SALT LAKE CITY — Representatives from the seven member states of the Colorado River Basin endorsed drought contingency plans Tuesday and transmitted a letter of agreement to Congress for action.
From there, U.S. Bureau of Reclamation Commissioner Brenda Burman said hearings will be held next week in the Senate and the House to move forward with legislation formalizing those plans.
"Today is a very important day in the history of the Colorado River," Burman said. "Today the seven basin states have come together. … It is time for us to work with our congressional delegation so we can move forward and implement these (plans) this year."
In a teleconference from Phoenix announcing the plans' completion, Wyoming State Engineer Pat Tyrrell said the general intent of the plans and the subsequent legislation will be to protect water levels at both Lake Mead and Lake Powell by incentivizing additional conservation of water.
Burman said the process involved multiple environmental organizations, Native American tribes, farmers and others representing the 40 million users on the West's hardest working river.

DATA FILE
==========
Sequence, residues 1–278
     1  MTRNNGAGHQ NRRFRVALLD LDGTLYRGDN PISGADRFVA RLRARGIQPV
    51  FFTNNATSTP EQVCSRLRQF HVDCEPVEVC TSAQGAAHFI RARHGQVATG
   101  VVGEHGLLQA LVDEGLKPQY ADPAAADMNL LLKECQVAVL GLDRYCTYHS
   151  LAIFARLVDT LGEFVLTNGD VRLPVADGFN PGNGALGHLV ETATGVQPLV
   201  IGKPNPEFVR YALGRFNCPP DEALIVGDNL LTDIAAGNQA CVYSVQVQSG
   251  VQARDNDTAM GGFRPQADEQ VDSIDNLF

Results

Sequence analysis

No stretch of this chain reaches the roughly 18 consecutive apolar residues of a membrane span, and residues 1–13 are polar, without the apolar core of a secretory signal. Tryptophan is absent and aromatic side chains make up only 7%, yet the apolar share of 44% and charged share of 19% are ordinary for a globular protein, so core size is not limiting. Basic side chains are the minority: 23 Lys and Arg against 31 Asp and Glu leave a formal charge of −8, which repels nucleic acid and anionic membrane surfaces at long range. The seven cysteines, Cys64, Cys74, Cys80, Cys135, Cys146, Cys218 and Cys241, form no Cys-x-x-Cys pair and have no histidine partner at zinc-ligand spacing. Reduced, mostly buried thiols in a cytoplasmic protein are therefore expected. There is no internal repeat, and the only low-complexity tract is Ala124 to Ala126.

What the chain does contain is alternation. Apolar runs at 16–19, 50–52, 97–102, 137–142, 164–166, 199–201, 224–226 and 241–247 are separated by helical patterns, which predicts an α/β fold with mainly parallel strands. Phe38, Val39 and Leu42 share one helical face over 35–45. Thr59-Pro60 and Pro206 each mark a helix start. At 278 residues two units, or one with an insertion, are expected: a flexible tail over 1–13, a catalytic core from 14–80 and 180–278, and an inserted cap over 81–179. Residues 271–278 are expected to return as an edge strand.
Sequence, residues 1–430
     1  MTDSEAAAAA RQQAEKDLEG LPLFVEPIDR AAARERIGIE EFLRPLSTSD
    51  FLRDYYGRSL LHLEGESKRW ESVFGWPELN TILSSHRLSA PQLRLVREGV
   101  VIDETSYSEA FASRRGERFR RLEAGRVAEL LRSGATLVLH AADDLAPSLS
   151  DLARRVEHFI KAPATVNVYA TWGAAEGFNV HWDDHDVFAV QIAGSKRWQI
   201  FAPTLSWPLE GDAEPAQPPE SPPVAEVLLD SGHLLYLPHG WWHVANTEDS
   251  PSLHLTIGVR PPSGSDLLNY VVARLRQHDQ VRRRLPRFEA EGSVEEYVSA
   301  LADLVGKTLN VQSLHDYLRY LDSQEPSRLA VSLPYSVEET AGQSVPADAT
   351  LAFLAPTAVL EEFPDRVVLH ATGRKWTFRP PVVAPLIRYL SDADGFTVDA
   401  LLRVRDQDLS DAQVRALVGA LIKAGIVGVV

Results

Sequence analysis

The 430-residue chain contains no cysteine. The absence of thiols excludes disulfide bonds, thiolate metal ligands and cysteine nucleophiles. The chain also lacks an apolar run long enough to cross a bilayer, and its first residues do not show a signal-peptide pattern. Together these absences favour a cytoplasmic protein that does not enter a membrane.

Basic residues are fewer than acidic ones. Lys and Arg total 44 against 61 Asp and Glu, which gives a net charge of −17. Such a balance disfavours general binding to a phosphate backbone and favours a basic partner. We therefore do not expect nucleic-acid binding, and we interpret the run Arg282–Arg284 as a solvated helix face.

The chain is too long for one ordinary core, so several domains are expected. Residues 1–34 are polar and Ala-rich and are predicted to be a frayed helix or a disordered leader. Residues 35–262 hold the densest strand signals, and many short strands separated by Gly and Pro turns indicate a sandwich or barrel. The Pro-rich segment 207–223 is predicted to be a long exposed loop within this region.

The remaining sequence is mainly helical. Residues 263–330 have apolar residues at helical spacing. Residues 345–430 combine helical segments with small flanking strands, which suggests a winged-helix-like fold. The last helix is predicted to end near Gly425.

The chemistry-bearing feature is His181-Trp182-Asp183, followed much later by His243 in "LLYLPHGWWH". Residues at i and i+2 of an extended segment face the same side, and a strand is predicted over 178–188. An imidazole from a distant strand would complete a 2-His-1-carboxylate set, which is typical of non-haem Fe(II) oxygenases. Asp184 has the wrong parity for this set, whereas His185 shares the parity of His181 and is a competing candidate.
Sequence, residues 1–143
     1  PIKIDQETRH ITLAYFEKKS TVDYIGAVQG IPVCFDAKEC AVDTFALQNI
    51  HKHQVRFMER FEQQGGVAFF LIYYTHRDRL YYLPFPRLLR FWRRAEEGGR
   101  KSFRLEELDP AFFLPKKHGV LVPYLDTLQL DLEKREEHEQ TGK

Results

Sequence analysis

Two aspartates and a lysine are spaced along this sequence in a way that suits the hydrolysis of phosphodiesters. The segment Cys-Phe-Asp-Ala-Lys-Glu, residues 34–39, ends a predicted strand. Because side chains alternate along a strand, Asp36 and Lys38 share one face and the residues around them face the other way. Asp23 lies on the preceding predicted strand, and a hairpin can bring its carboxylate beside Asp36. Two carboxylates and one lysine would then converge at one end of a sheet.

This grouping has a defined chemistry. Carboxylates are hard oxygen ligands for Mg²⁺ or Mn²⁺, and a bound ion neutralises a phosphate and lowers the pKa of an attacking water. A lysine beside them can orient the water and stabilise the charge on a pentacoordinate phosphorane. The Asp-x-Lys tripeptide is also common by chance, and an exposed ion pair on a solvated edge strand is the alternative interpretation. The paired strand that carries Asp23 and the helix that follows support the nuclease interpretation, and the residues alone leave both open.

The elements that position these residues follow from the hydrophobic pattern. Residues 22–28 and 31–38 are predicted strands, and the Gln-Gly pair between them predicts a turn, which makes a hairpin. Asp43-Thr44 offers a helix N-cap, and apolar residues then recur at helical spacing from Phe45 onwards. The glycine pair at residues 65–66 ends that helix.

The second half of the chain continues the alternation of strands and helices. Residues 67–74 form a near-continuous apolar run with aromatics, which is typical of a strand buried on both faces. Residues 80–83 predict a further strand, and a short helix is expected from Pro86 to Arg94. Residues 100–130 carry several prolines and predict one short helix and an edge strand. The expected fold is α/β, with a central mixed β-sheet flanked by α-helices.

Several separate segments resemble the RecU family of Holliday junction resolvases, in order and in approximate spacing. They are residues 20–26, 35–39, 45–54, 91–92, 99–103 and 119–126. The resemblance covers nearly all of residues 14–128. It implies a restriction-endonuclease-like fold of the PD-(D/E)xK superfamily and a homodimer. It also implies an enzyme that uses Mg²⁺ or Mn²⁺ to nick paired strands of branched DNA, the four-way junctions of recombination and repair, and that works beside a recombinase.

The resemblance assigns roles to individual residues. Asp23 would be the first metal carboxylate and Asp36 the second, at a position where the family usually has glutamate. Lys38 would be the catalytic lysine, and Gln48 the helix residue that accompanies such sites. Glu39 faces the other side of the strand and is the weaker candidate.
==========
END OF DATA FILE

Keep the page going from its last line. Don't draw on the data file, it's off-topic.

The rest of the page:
A generous snowpack in the West is sitting at nearly 140 percent of average and may actually stave off an anticipated water shortage declaration in 2020 for the lower basin states.
But Burman warned Tuesday that one wet year doesn't erase 18 years of the driest period on the river in 1,200 years.
"It takes years to recover from the type of intense drought this region has experienced," he said.
Eric Millis, director of the Utah Division of Water Resources, said the plans are the culmination of years of hard work.Comment on this story
"The significance is that it provides protection to the upper basin uses and the state of Utah, and the entire basin and helps us deal with drought and climate change. It offers us that security and protection."
The components of the plans for the upper and lower basin states have to work in tandem, he added. For the upper basin, the magic number is keeping Lake Powell at 3,525 elevation, or 25 feet above the power pool elevation, Millis said.
Wyoming, Utah, Colorado and New Mexico are the upper basin states while California, Arizona and Nevada are the lower basin states.